Based on the mechanism of action, IBRANCE can cause fetal harm. Advise females of reproductive potential to use effective contraception during IBRANCE treatment and for at least 3 weeks after the last dose. IBRANCE may impair fertility in males and has the potential to cause genotoxicity. Advise male patients to consider sperm preservation before taking IBRANCE. Advise male patients with female partners of reproductive potential to use effective contraception during IBRANCE treatment and for 3 months after the last dose. Advise females to inform their healthcare provider of a known or suspected pregnancy. Advise women not to breastfeed during IBRANCE treatment and for 3 weeks after the last dose because of the potential for serious adverse reactions in nursing infants.
The most common adverse reactions (≥10%) of any grade reported in PALOMA-2 for IBRANCE plus letrozole vs placebo plus letrozole were neutropenia (80% vs 6%), infections (60% vs 42%), leukopenia (39% vs 2%), fatigue (37% vs 28%), nausea (35% vs 26%), alopecia (33% vs 16%), stomatitis (30% vs 14%), diarrhea (26% vs 19%), anemia (24% vs 9%), rash (18% vs 12%), asthenia (17% vs 12%), thrombocytopenia (16% vs 1%), vomiting (16% vs 17%), decreased appetite (15% vs 9%), dry skin (12% vs 6%), pyrexia (12% vs 9%), and dysgeusia (10% vs 5%).
The most frequently reported Grade ≥3 adverse reactions (≥5%) in PALOMA-2 for IBRANCE plus letrozole vs placebo plus letrozole were neutropenia (66% vs 2%), leukopenia (25% vs 0%), infections (7% vs 3%), and anemia (5% vs 2%).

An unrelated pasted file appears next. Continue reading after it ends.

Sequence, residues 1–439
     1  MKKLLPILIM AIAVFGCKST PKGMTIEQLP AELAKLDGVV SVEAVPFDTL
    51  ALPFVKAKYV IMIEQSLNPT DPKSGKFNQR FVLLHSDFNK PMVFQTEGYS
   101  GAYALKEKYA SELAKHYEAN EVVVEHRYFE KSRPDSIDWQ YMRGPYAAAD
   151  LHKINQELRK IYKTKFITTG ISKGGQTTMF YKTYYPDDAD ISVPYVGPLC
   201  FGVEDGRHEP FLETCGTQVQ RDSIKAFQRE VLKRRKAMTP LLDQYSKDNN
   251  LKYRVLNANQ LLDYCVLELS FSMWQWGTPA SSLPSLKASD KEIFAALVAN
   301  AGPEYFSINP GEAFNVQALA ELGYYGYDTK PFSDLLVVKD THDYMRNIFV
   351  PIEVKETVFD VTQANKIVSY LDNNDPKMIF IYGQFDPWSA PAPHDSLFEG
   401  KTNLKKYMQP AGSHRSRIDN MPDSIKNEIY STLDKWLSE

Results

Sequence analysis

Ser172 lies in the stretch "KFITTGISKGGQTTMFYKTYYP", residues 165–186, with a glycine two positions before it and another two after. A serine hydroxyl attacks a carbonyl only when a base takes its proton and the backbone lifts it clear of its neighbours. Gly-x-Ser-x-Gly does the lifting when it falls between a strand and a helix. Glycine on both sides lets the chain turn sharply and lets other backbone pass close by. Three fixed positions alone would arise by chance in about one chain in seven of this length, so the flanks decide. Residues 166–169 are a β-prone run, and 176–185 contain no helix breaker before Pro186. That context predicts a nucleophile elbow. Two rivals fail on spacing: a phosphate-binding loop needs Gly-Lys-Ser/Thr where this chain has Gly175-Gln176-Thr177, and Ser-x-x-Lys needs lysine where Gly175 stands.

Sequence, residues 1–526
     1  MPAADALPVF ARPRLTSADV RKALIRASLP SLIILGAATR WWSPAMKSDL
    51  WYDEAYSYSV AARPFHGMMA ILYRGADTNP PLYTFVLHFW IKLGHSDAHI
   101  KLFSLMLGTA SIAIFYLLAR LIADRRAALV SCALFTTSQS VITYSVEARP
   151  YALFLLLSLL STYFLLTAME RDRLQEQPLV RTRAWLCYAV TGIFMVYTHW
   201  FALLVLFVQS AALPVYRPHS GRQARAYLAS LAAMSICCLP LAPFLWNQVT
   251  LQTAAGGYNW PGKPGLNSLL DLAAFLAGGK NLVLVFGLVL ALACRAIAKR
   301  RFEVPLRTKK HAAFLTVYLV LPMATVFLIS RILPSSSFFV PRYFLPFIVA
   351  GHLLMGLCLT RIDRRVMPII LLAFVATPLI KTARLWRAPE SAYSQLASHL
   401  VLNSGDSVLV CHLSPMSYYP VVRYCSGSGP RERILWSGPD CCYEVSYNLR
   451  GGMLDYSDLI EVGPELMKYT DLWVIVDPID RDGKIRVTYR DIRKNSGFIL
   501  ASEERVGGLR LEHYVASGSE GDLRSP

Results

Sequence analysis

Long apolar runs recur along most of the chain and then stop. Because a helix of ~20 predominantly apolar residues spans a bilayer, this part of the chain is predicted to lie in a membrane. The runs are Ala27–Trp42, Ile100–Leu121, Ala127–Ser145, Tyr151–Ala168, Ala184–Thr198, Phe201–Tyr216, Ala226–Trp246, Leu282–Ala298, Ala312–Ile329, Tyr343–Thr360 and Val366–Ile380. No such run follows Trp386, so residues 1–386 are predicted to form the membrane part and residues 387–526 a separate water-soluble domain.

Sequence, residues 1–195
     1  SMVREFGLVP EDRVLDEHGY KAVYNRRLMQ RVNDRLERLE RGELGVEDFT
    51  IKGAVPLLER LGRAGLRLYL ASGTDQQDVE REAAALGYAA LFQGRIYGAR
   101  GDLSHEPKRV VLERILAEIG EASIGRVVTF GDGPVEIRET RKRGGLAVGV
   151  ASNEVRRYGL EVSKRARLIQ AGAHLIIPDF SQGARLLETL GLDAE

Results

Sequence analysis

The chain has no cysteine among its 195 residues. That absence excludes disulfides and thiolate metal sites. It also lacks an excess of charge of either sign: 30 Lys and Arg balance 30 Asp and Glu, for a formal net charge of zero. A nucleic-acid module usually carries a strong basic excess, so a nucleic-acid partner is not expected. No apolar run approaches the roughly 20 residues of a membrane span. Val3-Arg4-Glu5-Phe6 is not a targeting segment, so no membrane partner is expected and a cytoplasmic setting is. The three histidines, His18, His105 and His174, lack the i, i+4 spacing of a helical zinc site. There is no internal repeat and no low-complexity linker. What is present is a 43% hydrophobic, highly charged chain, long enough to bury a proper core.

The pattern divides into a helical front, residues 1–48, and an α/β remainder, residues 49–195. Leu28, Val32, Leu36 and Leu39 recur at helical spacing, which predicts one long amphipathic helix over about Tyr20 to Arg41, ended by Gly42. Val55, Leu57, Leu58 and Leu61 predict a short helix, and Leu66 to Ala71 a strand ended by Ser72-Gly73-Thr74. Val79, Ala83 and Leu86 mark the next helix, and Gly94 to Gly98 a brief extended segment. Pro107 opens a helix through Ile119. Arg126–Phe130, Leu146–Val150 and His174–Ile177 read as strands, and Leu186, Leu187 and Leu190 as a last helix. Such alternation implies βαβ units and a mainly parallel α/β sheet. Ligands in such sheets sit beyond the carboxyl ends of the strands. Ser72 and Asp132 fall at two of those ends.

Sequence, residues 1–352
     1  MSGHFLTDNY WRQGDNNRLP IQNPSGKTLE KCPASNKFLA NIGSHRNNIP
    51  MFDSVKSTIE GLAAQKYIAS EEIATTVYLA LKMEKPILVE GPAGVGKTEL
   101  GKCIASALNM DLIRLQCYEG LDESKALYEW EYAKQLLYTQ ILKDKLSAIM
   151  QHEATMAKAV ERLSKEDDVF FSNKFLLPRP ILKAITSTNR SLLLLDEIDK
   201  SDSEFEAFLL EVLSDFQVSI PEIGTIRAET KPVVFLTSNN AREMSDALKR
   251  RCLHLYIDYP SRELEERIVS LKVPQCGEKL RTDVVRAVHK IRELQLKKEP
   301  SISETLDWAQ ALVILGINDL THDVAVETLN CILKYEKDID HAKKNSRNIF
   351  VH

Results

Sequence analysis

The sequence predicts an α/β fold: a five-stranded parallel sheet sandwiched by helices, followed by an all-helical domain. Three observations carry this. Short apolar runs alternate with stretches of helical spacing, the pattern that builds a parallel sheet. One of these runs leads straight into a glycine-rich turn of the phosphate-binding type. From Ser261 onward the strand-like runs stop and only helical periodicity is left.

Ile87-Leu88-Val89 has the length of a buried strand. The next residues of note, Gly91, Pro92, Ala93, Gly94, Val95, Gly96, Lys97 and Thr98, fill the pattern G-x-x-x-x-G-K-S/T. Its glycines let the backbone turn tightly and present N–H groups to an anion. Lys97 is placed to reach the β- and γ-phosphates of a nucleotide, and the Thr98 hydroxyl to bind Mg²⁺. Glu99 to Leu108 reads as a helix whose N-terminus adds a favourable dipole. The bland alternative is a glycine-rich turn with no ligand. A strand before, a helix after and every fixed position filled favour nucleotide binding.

Lab abnormalities of any grade occurring in PALOMA-2 for IBRANCE plus letrozole vs placebo plus letrozole were decreased WBC (97% vs 25%), decreased neutrophils (95% vs 20%), anemia (78% vs 42%), decreased platelets (63% vs 14%), increased aspartate aminotransferase (52% vs 34%), and increased alanine aminotransferase (43% vs 30%).
The most common adverse reactions (≥10%) of any grade reported in PALOMA-3 for IBRANCE plus fulvestrant vs placebo plus fulvestrant were neutropenia (83% vs 4%), leukopenia (53% vs 5%), infections (47% vs 31%), fatigue (41% vs 29%), nausea (34% vs 28%), anemia (30% vs 13%), stomatitis (28% vs 13%), diarrhea (24% vs 19%), thrombocytopenia (23% vs 0%), vomiting (19% vs 15%), alopecia (18% vs 6%), rash (17% vs 6%), decreased appetite (16% vs 8%), and pyrexia (13% vs 5%).
The most frequently reported Grade ≥3 adverse reactions (≥5%) in PALOMA-3 for IBRANCE plus fulvestrant vs placebo plus fulvestrant were neutropenia (66% vs 1%) and leukopenia (31% vs 2%).
Lab abnormalities of any grade occurring in PALOMA-3 for IBRANCE plus fulvestrant vs placebo plus fulvestrant were decreased WBC (99% vs 26%), decreased neutrophils (96% vs 14%), anemia (78% vs 40%), decreased platelets (62% vs 10%), increased aspartate aminotransferase (43% vs 48%), and increased alanine aminotransferase (36% vs 34%).
Avoid concurrent use of strong CYP3A inhibitors. If patients must be administered a strong CYP3A inhibitor, reduce the IBRANCE dose to 75 mg. If the strong inhibitor is discontinued, increase the IBRANCE dose (after 3-5 half-lives of the inhibitor) to the dose used prior to the initiation of the strong CYP3A inhibitor. Grapefruit or grapefruit juice may increase plasma concentrations of IBRANCE and should be avoided. Avoid concomitant use of strong CYP3A inducers. The dose of sensitive CYP3A substrates with a narrow therapeutic index may need to be reduced as IBRANCE may increase their exposure.
For patients with severe hepatic impairment (Child-Pugh class C), the recommended dose of IBRANCE is 75 mg. The pharmacokinetics of IBRANCE have not been studied in patients requiring hemodialysis.
Please see full Prescribing Information for IBRANCE capsules and tablets.